Thursday: 66 miles, 1241’ gain
We were there pretty early on. It was actually the second rest stop of the day, but we beat the porta-potties to the stop. There wasn’t much “there” there. A log cabin general store filled with things you could have bought in 1880. Several scattered buildings in various stages of renovation. I think they’re trying to make it into a living pioneer museum. It was interesting, except for the wild bee that stung me. Twice I get it in one trip. What is that about?
Shortly after we left Chesterfield we reached 20,000 cumulative miles riding tandems. I took a picture of a bee hive, Sheila marked the spot as only cyclists can. Then we rolled on down to the lunch stop. As we were getting to lunch, a couple of the blue team swooped by us. Oh well.
After lunch it continued a mostly downhill track. We’d gotten out ahead of the Reel Theatre guys, but we saw them closing in. We decided to suck them in and spit them out.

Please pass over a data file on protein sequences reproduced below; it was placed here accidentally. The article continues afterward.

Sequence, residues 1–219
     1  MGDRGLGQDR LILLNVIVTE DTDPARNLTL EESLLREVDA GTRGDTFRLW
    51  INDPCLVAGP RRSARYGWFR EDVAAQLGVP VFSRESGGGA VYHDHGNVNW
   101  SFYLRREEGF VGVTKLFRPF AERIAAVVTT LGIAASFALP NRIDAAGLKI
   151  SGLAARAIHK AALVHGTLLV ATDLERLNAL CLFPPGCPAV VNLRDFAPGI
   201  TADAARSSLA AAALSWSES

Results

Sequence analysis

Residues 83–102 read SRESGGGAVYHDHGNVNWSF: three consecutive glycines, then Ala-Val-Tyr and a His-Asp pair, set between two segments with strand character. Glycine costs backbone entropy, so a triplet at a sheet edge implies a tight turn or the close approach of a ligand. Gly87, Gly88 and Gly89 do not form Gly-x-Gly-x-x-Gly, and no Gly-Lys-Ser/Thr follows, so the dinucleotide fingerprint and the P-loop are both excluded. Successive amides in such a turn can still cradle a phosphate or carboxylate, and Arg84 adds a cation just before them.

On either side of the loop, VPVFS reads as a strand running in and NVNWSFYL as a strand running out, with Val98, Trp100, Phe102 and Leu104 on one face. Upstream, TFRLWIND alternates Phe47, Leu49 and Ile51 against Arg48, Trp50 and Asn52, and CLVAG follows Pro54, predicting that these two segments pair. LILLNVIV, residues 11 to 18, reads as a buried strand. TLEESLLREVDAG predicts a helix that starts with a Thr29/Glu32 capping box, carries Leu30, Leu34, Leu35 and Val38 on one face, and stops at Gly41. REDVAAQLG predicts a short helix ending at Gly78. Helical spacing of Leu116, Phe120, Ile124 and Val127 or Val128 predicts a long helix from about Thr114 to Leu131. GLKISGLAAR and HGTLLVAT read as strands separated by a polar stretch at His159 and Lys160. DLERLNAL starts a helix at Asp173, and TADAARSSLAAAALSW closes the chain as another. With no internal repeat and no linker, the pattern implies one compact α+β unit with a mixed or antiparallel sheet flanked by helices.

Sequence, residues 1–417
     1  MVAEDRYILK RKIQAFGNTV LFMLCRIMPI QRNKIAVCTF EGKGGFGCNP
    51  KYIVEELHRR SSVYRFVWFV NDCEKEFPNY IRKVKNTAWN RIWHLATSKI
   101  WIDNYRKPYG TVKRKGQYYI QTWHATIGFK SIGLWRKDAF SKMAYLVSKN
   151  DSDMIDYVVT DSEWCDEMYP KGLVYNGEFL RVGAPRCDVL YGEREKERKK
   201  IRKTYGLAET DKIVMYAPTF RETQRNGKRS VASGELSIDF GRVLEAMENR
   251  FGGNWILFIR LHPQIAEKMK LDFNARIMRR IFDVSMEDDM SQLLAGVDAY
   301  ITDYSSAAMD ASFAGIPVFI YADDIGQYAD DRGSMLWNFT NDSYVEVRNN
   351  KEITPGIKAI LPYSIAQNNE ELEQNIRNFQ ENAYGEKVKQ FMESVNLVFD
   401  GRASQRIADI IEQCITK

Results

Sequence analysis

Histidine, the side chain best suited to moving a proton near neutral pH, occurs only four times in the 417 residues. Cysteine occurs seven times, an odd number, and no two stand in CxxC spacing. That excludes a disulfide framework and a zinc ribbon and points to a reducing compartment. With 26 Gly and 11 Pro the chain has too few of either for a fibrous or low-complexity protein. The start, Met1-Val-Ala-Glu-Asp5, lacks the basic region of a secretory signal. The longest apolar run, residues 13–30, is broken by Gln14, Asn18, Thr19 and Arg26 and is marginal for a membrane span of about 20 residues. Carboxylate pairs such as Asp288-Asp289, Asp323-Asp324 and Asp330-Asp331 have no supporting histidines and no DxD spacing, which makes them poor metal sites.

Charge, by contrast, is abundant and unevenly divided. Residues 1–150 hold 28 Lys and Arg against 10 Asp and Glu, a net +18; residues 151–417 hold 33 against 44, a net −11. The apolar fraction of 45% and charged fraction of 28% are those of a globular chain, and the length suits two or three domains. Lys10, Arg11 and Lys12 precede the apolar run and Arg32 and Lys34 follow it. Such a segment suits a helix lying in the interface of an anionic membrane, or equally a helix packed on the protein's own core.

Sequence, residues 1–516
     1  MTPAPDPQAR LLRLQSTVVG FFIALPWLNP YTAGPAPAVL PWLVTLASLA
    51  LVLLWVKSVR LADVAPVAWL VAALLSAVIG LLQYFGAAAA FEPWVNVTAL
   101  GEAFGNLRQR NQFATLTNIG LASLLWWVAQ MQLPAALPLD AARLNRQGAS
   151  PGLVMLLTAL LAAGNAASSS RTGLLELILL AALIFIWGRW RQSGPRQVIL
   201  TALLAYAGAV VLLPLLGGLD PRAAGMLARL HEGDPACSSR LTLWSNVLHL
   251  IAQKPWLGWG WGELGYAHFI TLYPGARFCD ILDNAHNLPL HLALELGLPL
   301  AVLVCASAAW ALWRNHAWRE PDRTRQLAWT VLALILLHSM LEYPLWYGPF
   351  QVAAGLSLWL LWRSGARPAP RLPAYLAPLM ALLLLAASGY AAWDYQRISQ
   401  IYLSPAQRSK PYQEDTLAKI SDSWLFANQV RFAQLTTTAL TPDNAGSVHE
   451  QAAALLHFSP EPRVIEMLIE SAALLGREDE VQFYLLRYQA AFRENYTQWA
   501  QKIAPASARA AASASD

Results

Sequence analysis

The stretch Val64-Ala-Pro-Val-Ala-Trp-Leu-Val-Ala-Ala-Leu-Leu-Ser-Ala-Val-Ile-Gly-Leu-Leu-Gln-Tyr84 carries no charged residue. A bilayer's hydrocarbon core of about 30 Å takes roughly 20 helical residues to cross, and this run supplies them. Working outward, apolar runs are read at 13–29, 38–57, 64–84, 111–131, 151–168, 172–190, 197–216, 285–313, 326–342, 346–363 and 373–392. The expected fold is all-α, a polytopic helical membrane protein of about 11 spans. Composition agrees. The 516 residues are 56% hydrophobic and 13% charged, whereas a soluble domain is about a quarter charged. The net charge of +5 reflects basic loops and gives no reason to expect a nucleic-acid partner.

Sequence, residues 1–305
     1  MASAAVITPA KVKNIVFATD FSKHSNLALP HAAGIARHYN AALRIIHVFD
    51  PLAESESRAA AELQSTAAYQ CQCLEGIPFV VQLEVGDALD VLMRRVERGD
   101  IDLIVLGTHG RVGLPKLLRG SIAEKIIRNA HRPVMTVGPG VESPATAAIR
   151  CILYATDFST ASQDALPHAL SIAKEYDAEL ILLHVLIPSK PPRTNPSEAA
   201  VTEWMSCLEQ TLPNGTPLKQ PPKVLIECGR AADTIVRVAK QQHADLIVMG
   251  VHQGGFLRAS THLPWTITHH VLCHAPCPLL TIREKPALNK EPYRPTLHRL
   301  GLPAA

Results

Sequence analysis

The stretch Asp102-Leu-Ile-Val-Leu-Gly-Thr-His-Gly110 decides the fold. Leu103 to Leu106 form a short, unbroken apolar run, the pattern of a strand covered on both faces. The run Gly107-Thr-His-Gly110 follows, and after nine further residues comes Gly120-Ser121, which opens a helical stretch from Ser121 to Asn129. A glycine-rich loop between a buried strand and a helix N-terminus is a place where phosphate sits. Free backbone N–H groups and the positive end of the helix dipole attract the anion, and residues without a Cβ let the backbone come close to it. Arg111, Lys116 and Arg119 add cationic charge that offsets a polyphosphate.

We waited until they were 7 bike lengths back, then hit the gas. We pulled away and caught some nice downs that pushed us up to 30. One guy kept coming and we finally pulled back and let him catch us. He was impressed and he fell quietly back to his compadres who he’d left to try to catch us. A third teammate stayed with us for the last 4 miles or so hanging on as we cruised into Lava Hot Springs.
Lava was fun. Our motel was at the campground the rest of the crew were using so we could be more social. We hopped a ride into town with the owner. We spent an hour or two soaking in the hot pools and visiting with others from the tour. Some people rented inner-tubes to float down the rapids to camp. That turned out to be painful for many. One guy we know cracked his ribs. We looked up veggie restaurants in Pocatello and Idaho Falls on the library’s computers, then headed home.
The dinner was great. The chef knew what a vegan was and provided us with Quorn – a fake chicken that rounded out a nice meal. We connected with Lenette and Dave and played pinochle until it got dark. That was fun. Turns out Lenette is an elementary PE teacher too, as was a woman from Edmonds who was watching the play.